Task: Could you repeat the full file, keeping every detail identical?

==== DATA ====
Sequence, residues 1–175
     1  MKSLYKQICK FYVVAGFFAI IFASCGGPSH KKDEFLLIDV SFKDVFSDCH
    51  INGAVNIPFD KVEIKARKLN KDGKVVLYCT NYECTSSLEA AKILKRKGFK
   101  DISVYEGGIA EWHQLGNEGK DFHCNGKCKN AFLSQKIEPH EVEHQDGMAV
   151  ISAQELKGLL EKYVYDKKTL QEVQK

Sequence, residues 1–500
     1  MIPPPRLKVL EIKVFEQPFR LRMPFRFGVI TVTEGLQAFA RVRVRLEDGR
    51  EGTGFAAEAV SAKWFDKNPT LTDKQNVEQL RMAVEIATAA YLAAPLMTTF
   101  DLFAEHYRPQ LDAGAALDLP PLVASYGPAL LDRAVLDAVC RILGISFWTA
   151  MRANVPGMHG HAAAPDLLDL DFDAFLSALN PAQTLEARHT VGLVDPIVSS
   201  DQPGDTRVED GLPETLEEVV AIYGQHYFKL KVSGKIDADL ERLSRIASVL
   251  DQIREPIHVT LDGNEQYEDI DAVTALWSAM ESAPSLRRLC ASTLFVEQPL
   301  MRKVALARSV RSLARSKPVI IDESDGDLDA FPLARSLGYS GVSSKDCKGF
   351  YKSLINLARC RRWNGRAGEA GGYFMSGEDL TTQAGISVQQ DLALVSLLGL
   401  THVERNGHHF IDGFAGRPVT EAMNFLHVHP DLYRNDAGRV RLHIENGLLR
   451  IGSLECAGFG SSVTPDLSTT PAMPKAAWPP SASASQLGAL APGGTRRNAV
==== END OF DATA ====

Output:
Sequence, residues 1–175
     1  MKSLYKQICK FYVVAGFFAI IFASCGGPSH KKDEFLLIDV SFKDVFSDCH
    51  INGAVNIPFD KVEIKARKLN KDGKVVLYCT NYECTSSLEA AKILKRKGFK
   101  DISVYEGGIA EWHQLGNEGK DFHCNGKCKN AFLSQKIEPH EVEHQDGMAV
   151  ISAQELKGLL EKYVYDKKTL QEVQK

Sequence, residues 1–500
     1  MIPPPRLKVL EIKVFEQPFR LRMPFRFGVI TVTEGLQAFA RVRVRLEDGR
    51  EGTGFAAEAV SAKWFDKNPT LTDKQNVEQL RMAVEIATAA YLAAPLMTTF
   101  DLFAEHYRPQ LDAGAALDLP PLVASYGPAL LDRAVLDAVC RILGISFWTA
   151  MRANVPGMHG HAAAPDLLDL DFDAFLSALN PAQTLEARHT VGLVDPIVSS
   201  DQPGDTRVED GLPETLEEVV AIYGQHYFKL KVSGKIDADL ERLSRIASVL
   251  DQIREPIHVT LDGNEQYEDI DAVTALWSAM ESAPSLRRLC ASTLFVEQPL
   301  MRKVALARSV RSLARSKPVI IDESDGDLDA FPLARSLGYS GVSSKDCKGF
   351  YKSLINLARC RRWNGRAGEA GGYFMSGEDL TTQAGISVQQ DLALVSLLGL
   401  THVERNGHHF IDGFAGRPVT EAMNFLHVHP DLYRNDAGRV RLHIENGLLR
   451  IGSLECAGFG SSVTPDLSTT PAMPKAAWPP SASASQLGAL APGGTRRNAV